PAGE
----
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John Cunningham (Джон Каннингем)
Lightsome as convey'd by sparrows, Love and Beauty cross'd the plains, Flights of little pointed arrows Love dispatch'd among the swains: But so much our shepherds dread him, (Spoiler of their peace profound) Swift as scudding fawns they fled him, Frighted, though they felt no wound. Now the wanton God grown slyer, And for each fond mischief ripe, Comes disguis'd in Pan's attire, Tuning sweet an oaten pipe: Echo, by the winding river, Doubles his delusive strains; While the boy conceals his quiver, From the slow returning swains. As Palemon, unsuspecting, Prais'd the sly musician's art, Love his light disguise rejecting, Lodg'd an arrow in his heart: Cupid will enforce our duty, Shepherds, and would have you taught, Those who, timid, fly from Beauty, May by Melody be caught.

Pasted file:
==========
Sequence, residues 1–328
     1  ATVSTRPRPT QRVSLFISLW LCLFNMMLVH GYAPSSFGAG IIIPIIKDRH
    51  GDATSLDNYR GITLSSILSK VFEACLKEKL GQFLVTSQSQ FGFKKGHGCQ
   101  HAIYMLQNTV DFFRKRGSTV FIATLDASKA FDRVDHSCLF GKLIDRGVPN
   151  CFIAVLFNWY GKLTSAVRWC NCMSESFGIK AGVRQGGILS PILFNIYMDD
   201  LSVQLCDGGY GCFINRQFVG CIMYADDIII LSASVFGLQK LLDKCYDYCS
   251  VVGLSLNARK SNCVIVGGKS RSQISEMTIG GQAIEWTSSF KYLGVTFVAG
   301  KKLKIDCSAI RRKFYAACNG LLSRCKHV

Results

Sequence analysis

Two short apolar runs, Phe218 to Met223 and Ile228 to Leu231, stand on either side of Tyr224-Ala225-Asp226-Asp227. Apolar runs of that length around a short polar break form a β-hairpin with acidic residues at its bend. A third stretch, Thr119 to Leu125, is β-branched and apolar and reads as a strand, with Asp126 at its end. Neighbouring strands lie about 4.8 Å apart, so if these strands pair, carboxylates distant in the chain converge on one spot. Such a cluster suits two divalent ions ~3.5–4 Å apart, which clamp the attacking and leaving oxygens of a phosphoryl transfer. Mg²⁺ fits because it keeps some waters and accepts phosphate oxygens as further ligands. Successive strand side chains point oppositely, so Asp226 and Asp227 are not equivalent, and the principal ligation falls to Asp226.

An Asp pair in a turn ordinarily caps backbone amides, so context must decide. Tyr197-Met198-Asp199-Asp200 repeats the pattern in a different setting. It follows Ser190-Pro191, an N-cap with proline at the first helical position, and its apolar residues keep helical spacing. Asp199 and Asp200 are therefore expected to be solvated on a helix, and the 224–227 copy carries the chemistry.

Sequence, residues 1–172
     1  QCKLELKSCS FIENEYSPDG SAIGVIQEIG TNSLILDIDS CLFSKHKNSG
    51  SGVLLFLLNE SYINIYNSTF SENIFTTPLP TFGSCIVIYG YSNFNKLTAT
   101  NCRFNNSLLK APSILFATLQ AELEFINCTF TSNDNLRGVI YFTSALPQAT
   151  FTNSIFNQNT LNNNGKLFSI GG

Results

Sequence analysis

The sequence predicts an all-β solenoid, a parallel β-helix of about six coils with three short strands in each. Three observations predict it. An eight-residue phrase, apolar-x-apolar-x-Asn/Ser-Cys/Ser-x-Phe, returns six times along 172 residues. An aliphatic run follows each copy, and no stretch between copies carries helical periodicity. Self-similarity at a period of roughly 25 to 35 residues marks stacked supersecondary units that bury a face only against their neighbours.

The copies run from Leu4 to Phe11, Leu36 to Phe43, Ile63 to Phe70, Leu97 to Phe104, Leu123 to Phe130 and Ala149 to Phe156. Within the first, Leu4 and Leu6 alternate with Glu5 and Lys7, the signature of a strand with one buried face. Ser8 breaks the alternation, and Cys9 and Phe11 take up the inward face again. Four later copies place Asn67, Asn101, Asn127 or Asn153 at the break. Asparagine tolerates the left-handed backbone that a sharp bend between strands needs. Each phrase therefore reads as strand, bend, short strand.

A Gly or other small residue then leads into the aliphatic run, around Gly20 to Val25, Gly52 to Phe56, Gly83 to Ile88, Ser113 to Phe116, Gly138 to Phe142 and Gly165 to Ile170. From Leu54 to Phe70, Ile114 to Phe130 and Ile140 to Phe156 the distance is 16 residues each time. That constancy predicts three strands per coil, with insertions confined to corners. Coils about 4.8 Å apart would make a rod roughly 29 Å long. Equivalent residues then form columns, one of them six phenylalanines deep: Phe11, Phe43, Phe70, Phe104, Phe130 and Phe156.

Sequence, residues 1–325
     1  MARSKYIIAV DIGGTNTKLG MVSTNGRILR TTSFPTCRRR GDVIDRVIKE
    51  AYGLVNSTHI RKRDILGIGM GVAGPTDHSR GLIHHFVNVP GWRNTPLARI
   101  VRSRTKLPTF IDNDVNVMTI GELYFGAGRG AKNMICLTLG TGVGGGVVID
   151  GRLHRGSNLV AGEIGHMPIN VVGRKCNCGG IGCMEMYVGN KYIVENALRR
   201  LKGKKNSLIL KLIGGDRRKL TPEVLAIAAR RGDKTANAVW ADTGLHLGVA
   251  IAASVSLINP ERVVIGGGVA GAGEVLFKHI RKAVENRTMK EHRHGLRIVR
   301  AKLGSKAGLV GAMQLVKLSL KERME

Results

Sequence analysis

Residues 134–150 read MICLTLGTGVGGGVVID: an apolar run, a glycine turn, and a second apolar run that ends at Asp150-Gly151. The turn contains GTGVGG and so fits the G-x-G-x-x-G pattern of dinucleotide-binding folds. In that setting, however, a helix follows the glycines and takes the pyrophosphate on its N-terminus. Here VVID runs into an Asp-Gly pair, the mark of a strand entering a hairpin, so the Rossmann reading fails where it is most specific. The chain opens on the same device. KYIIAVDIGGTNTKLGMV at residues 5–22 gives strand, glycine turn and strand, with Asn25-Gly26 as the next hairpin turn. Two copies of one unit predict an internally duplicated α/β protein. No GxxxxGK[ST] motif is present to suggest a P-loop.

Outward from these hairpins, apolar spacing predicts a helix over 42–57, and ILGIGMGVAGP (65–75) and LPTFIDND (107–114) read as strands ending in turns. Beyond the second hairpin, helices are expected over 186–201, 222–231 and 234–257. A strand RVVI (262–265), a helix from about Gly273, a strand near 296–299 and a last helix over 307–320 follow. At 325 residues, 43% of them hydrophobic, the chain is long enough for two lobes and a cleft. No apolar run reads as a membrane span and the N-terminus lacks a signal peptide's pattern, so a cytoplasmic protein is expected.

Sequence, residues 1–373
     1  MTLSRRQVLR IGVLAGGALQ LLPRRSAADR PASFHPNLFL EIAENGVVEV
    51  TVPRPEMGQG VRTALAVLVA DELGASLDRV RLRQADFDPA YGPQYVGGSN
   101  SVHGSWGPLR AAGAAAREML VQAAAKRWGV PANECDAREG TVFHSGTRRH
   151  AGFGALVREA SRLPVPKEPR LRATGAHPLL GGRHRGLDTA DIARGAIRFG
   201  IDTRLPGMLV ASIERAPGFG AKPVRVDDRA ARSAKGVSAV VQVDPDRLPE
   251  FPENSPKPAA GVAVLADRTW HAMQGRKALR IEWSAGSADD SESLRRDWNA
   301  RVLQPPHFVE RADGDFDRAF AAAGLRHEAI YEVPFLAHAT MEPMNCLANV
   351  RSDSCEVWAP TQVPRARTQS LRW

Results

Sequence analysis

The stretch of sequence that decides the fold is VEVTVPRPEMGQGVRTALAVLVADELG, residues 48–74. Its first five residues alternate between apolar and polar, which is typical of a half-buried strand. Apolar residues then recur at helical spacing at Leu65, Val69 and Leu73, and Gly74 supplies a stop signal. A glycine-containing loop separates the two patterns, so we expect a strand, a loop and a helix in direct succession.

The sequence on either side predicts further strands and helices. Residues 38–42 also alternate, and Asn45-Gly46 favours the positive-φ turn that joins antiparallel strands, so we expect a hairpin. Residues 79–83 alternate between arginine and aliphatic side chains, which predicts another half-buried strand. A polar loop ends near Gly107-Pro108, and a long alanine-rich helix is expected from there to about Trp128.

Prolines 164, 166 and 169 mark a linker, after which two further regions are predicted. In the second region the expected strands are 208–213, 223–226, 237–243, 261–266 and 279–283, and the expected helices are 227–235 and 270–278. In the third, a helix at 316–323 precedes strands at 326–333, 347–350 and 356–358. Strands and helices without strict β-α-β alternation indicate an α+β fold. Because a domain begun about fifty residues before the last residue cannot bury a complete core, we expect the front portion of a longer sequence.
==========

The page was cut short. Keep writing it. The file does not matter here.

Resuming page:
John Cunningham's other poems:
Poems of another poets with the same name (Стихотворения других поэтов с таким же названием):
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